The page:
His wonderfully overwrought vocals on these two tracks make them really stand out and they are, by some distance, my favourites on the album.  Of the rest, only "Hercules Theme", a slice of mid-pace Philly soul, appeals at all.  The other tracks are OK, being a mix of some house-y, garage-y influences, and a couple of tracks that sound very like Remain In Light-era Talking Heads.  Overall, only really worth it for those two songs.


Out Of Season

Beth Gibbons & Rustin Man

What attracted me to this album was not just Beth Gibbons' headline name, but the knowledge that Rustin Man is an alias for Paul Webb. "Who?" you may ask. Only the bass player for one of my favourite bands of all time - Talk Talk.

The short and lazy summary of this music would be that it sounds like a folky version of Portishead. But that's only by assuming the broadest sense of "folk music", that includes, say, Nick Drake and John Martyn, influences reflected in songs such as "Sand River" and "Drake" (the title's a bit of a give-away here). However, this categorisation doesn't give you a clue to songs such as "Tom The Model" or "Romance", which sound more rooted in the Bacharach & David classics of the sixties.

In some ways the overall feel is of a cross between Portishead and Talk Talk. That this should be is perhaps not as obvious as it might seem. It's generally acknowledged that from 1986's The Colour Of Spring, Talk Talk's sound was largely driven by Mark Hollis and Tim Friese-Green. However, Beth Gibbons has similarities in vocal style to Mark Hollis - that intimate, whispered, quite dry sound - and some instrumentation is the same - Lee Harris, Talk Talk's drummer appears, as does Mark Feltham, harmonica player to the stars and the man responsible for some remarkable solos on The Colour Of Spring.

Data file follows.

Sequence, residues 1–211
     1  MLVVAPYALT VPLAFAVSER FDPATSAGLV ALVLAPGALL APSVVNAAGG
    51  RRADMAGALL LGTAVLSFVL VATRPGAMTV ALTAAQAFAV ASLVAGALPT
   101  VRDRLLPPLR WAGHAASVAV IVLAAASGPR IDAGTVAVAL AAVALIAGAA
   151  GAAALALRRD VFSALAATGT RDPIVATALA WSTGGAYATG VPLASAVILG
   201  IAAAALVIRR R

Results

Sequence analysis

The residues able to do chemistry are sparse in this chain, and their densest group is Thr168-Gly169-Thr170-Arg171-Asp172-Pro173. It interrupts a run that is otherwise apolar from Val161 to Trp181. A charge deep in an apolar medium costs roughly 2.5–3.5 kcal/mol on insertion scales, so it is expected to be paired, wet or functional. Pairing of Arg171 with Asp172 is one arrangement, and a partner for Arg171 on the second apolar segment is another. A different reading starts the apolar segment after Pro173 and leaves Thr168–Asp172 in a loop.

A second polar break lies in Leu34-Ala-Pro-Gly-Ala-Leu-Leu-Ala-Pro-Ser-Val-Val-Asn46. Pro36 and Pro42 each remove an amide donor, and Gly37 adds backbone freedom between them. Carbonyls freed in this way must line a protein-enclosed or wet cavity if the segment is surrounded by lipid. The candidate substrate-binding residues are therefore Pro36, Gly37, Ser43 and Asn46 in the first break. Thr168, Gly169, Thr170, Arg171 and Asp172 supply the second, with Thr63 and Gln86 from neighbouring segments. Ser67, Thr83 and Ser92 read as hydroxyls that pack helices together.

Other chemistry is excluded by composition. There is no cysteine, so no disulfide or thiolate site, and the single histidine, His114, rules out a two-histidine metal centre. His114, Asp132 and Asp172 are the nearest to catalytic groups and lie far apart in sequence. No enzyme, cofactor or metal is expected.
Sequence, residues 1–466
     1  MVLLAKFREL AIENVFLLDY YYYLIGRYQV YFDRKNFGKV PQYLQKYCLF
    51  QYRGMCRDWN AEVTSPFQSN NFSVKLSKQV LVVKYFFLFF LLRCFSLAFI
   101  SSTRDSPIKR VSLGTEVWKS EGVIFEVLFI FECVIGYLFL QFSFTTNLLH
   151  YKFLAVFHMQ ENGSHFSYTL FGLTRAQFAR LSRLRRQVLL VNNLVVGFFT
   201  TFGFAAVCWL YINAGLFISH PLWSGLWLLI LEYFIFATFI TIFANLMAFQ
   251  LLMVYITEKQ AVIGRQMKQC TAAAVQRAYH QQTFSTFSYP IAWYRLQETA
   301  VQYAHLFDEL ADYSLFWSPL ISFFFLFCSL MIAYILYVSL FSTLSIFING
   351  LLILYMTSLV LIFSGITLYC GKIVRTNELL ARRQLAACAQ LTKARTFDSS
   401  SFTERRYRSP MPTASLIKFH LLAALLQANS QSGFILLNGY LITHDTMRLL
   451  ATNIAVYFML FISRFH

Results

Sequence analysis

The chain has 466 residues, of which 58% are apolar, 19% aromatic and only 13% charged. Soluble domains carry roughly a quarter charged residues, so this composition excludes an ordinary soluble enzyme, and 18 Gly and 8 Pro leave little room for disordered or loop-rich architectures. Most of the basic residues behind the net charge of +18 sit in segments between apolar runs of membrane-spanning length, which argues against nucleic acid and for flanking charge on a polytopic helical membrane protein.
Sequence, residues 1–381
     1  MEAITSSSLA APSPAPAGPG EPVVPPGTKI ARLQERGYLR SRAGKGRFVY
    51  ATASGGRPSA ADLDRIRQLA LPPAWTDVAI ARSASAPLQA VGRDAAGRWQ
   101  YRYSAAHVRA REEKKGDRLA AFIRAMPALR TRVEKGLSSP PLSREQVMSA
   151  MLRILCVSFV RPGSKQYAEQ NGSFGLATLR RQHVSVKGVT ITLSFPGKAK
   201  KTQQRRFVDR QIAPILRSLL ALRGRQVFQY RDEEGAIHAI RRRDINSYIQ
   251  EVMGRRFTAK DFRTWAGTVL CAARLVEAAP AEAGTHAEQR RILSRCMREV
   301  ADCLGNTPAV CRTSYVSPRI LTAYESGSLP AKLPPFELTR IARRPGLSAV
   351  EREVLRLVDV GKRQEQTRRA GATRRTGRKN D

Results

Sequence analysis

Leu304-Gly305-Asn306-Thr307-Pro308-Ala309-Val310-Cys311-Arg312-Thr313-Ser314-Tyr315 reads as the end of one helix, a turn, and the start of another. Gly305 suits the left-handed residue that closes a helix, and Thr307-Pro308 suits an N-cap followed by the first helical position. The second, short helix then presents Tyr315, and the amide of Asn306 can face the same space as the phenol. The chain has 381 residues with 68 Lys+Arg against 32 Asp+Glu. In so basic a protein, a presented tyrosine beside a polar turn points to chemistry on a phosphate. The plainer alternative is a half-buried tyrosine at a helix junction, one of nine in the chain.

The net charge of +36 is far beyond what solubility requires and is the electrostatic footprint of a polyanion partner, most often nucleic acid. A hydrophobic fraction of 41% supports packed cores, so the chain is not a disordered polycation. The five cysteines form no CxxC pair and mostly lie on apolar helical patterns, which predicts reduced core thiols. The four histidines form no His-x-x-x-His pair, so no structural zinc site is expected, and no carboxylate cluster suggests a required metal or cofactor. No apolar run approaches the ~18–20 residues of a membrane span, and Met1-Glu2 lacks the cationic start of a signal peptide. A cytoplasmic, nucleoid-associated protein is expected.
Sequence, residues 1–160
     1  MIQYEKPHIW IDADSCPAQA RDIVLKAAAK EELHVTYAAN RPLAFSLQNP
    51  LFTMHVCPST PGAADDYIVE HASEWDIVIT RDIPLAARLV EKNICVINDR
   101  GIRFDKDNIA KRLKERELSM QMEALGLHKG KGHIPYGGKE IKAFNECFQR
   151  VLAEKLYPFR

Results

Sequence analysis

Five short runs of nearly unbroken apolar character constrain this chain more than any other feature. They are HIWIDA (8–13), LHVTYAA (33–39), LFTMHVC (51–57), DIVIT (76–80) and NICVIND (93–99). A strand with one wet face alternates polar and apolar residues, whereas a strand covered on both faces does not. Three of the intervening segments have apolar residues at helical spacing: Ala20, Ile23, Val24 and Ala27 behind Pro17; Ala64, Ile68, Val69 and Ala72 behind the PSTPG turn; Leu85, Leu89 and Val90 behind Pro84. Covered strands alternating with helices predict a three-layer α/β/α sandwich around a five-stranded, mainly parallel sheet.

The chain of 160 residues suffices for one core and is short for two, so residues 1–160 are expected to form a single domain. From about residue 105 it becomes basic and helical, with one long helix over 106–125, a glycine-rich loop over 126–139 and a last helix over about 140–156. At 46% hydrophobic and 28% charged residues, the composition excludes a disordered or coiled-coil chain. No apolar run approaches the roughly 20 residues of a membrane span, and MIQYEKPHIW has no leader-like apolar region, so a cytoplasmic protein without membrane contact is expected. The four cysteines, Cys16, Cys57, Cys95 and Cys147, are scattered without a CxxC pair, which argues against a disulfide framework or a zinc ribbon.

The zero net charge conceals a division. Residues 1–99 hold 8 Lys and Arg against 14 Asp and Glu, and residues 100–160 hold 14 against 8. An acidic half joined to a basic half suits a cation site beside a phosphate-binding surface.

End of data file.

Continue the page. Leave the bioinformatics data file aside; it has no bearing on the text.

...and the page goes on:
My favourite song is "Show", in which Beth weaves plaintive verse, bridge and chorus melodies across the same, simple, unchanging four bar piano and double bass refrain. The aforementioned "Tom The Model" has a great chorus, and wouldn't be out of place on more recent retro-sixties efforts from the likes of Amy Winehouse. Overall, an enjoyable album and a worthy addition to the discographies of both Talk Talk and Portishead.


Breaking Free

Vanessa Hudgens & Zac Efron (& Drew Seeley)

I really like High School Musical.  It crept up on me.  I was originally dismissive; to someone of my generation, any musical set in an american school has to compare with Grease - and the squeaky-clean sensibilities of Disney are never going to come out well against that.  But repeated exposure (thanks K - I've probably seen it more times than just about any other film now) has allowed it to work its charm.  Yes, it's fluffy, lightweight and contains several times the RDA of movie cliché.  But it's full of knowing winks, little touches and winning performances.  Remarkably, for a film with such relative lack of ambition - it was made as a Disney TV movie - it survives being watched multiple times.